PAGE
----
I was six years old when my speech therapist told my parents I would never be able to learn how to write a paragraph. My mother was devastated. I was in grade three when my family doctor first asked my parents if they’d like to put me on anti-anxiety medication. My learning disability (hereon referred to as an “ld”) and anxiety reach as far back as my memory serves.
I remember driving home from kindergarten and bursting into tears when my parents asked me to describe my day because I didn’t possess the communication skills to articulate myself. I vaguely recollect the primary school psychologist asking me to talk about my fears after being referred to them because I pulled my hair out during tests (at the time the only fear I could identify was of spiders, and I had no interest in dwelling on those). Though it is probably safe to say my longtime ld and anxiety colour my memories, for me they are pretty indistinguishable from my experiences; they are simply facets of my everyday state of being.
Ironically, though my parents were open with me about both labels growing up, I didn’t understand what they entailed until much later. My parents placed me in a private school in grade one (fun fact: this was the only private school willing to accept me – and even then it was on probation – because I managed to fail every school’s entrance exam). Turnbull School was a huge blessing for me in many ways. I received significant support, began to catch up to my peers, and was eventually given enrichment, though I continued to perform poorly on standardized tests. Since I was getting the support they thought I needed, my parents didn’t see the use in getting my ld formally diagnosed. The ld remained apparent to my teachers though, who continued to ask my parents about it every year (even in grade eight) during parent-teacher interviews.
By high school I had developed the coping mechanisms I needed to excel, and no one suspected my neurodiversity. Later the psychologist who did my testing would tell my parents I had “the tenacity of a bull dog”, and that I had spent so many years overcompensating for my ld (cue perfectionism), that it was no longer obvious to others, like my teachers.
The turning point came in grade eleven. I worked up the courage one night to approach my parents, distraught and exhausted. I needed to know if I was spending every waking hour studying because I had an ld, and required this sort of time commitment in order to keep up, or if I was simply compelled by my anxiety and perfectionism. A psychologist’s appointment was booked, and soon after, the results were in. I had both an ld and significant anxiety.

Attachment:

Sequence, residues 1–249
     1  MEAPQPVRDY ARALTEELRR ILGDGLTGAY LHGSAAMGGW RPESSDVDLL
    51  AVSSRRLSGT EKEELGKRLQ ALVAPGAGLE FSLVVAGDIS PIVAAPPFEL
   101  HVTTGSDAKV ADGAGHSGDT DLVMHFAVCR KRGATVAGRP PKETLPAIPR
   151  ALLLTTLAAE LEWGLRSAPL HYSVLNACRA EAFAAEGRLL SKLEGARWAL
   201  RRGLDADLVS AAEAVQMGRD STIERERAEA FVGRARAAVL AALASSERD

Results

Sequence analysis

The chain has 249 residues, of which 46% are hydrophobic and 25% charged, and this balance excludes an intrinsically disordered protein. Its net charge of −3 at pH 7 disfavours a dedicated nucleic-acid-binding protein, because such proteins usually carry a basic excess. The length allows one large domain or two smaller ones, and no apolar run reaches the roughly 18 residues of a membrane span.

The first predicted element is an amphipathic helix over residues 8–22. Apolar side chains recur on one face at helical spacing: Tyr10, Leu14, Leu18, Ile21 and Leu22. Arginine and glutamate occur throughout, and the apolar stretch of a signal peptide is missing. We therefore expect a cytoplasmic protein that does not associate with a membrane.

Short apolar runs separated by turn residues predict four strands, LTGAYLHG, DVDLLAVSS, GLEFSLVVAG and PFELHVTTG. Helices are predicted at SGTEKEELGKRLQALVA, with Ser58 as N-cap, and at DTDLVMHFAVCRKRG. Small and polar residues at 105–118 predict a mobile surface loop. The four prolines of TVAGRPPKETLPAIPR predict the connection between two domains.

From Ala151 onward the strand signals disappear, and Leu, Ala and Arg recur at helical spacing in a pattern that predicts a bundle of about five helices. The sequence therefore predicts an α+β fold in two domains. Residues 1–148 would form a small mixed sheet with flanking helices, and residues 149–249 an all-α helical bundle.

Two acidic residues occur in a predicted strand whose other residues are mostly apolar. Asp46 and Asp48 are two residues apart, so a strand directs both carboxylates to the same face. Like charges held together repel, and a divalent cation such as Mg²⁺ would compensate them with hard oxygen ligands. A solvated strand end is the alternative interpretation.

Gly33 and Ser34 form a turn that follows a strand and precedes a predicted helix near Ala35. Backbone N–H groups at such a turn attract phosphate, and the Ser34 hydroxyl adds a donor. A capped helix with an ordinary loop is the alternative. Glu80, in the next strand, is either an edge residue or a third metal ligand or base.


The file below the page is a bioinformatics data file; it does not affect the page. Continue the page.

It took me until my final semester of grade twelve to ask my high school for the accommodations to which I was entitled. I might have requested them earlier had it not been for the stigma I experienced upon (and even before) “coming out” with my ld. Though the psychologist requested one of my teachers who knew me best answer a screening questionnaire, I was too embarrassed to approach her. I had achieved 100% in her course, and felt she would be skeptical about the legitimacy of my ld. I doubt my suspicions were far-fetched. One of the teachers I did ask refused to respond on the grounds that he could not believe I had an ld. The first people I told following the test results were my friends. It took little time for them to inform me that I was simply looking for a way to get higher marks, that “everybody has their problems,” and that there was no way I could get the marks I did (and do) and have an ld (more on that misconception another day). Even the teachers who agreed to accommodate me in grade twelve grumbled about how “everyone was getting diagnosed with lds these days.” I internalized the stigma to such a degree that I asked my parents if the psychologist had diagnosed me with an ld because we had paid her to test me. I felt immense guilt about having the privilege to get formally diagnosed, and continue to struggle with this guilt today.
Around the same time, near the end of high school, my mental health plummeted. Looking back, I was probably dealing with my first bouts of depression. I remember skipping my favourite creative writing class after my dance teacher watched a run of my dance piece. I was so convinced it was a horrible failure that I couldn’t stop crying, so I hid inside a prop backstage and weeped until my friends left class to come looking for me. I was completely overwhelmed by the expectations I believed others held for me (which were really just my own). I might be one of the few teenagers whose parents had to confiscate their textbooks every bedtime once they realized I had devised (personally, ingenious) ways to secretly study through the night.
This brings me to university. The other day, one of my professors asked me how I felt about mental illness and disability always being lumped together in syllabi. I had a few things to say in response. Firstly, anyone with both/either a mental illness or disability will feel differently about this. Secondly, my mental illness is definitely a disabling factor in my life, and thus I consider it to be a disability. Thirdly, syllabi are largely the product of time constraints. I’ve also seen gender and sexuality taught together, as well as race and Indigeneity, though I don’t believe the time constraint justifies this phenomenon. His question, though, got me thinking. In my case, my ld and mental illness are intimately connected, and though I sometimes experience them separately, they often intersect.
Check back soon for part two of this post!